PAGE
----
I love the Beatitudes. I love them because they’re rich and thought-provoking and surprising. I love them because they have the aroma of wisdom, whether my heart recognizes it or not.
When I was 16, my friend David accidentally introduced me to the Beatitudes when he told me to listen to the beginning of Rush’s “Temple of Syrinx” on his truck’s in-dash eight-track tape player. I thought it was cool that the girl who was singing would begin a song with “And the meek shall inherit the earth”. Once I graduated from my teenage years, I learned that this line was from Matthew 5. I also learned that the girl who sang it was a guy.
So with high regard for that Canadian power trio, and with higher regard for Matthew the Tax Collector, I’ve written some beatitudes of my own.
I’m writing these toward anyone who has a Kingdom influence over a group of people.
For pastors and bloggers and worship leaders and authors and small group leaders and keynote speakers and breakout speakers and filmmakers. If you have any influence among any group, then I’m writing these beatitudes with you in mind. Each of my beatitudes is part encouragement, part blessing, and part plea.
As you read them, I hope you’re encouraged to be more fully human, knowing that the Divine life of Christ already indwells you richly.
Blessed are you when you give a voice to deep questions where any answer seems hidden, for your flock needs your honesty more than they need your answers.
Blessed are you when you speak not just your truth, but His truth, for there is freedom waiting for those who receive it.
Blessed are you who write words from the weariness of your own souls, for in your words that feel like death, you offer readers a taste of authentic life.
Blessed are you when you refuse to take the bait of becoming a pulpit actor, for your authenticity and vulnerability will not soon leave the hearts of your hearers.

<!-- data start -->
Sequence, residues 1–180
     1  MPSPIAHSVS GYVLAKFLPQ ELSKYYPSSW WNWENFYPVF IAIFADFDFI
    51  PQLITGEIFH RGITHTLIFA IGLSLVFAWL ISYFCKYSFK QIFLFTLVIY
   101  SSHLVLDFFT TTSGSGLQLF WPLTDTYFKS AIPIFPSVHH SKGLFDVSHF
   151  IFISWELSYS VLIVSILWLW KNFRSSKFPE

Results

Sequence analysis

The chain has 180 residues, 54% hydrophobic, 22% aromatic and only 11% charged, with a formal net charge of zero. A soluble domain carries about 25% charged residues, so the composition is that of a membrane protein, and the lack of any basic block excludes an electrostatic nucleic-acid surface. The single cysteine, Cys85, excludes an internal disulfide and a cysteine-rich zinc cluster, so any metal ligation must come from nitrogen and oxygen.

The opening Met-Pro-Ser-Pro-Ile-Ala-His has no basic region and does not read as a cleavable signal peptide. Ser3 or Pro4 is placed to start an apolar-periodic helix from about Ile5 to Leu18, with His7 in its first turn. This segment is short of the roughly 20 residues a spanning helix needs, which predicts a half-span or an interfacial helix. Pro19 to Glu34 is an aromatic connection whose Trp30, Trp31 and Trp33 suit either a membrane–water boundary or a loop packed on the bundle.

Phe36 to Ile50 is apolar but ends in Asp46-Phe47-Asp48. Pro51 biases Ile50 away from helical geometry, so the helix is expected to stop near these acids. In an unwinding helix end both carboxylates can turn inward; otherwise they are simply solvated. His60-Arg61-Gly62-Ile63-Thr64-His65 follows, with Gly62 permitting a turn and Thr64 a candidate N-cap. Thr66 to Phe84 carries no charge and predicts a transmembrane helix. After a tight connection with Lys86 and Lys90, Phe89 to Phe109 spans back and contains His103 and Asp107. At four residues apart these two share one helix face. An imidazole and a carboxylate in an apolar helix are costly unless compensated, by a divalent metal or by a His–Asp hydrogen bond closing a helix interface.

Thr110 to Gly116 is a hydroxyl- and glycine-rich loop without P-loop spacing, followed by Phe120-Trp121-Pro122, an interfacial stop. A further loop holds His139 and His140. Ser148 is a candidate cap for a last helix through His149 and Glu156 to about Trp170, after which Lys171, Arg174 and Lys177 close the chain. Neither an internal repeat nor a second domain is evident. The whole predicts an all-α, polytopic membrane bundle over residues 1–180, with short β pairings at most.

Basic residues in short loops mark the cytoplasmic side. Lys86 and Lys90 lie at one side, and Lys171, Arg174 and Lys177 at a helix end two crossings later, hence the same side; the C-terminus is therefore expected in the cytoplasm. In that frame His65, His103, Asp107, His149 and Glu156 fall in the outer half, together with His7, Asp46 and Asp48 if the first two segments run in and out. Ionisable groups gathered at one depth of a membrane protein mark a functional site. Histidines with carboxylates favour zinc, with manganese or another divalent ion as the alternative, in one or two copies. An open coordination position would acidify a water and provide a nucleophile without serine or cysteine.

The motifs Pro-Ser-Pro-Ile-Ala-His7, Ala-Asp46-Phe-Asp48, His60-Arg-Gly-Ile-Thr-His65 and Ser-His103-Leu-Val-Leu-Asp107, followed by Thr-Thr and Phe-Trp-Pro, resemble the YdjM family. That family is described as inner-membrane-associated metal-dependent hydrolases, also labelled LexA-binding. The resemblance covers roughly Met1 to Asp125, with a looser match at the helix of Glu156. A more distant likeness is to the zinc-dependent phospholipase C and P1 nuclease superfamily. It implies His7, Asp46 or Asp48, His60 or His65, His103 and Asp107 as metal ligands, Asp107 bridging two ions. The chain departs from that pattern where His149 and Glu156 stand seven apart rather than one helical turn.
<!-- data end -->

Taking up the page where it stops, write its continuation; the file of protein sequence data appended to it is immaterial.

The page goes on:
Blessed are you when the Gospel strips you bare, for this is the only way it can clothe you again.
Blessed are you when you become less concerned with conjuring up God in your weekly gatherings, and more concerned with pointing to the God who is already fully present; for in this, people are given the only Vision they truly need.
Blessed are you when you serve those who should be serving you, for the heart of Christ is experienced in the water that pours over their unwashed feet.
Blessed are you when you pen words of grace for normal people, for you will then discover how poor and bare and naked and heavy-laden they truly are.
Blessed are you when you discover how poor and bare and naked and heavy-laden you truly are, because those admitted spaces provide fuel for grace and peace to burn brightly.
Blessed are you when you rise up and act upon the God-stirrings that won’t leave your heart, for your actions hang flesh onto a God who is spirit.
And finally, blessed are you when you love and allow yourself to be loved, for this is the only thing that changes even the most calloused heart.
I pray that you go and become as fully human as you can become, embracing all the intricacies that make your personality your personality. The very best thing you can give the people in your care is the in-process version of you. And when you openly offer them this flawed and intimate weakness, God will show His strength in ways you’ve never dreamed of.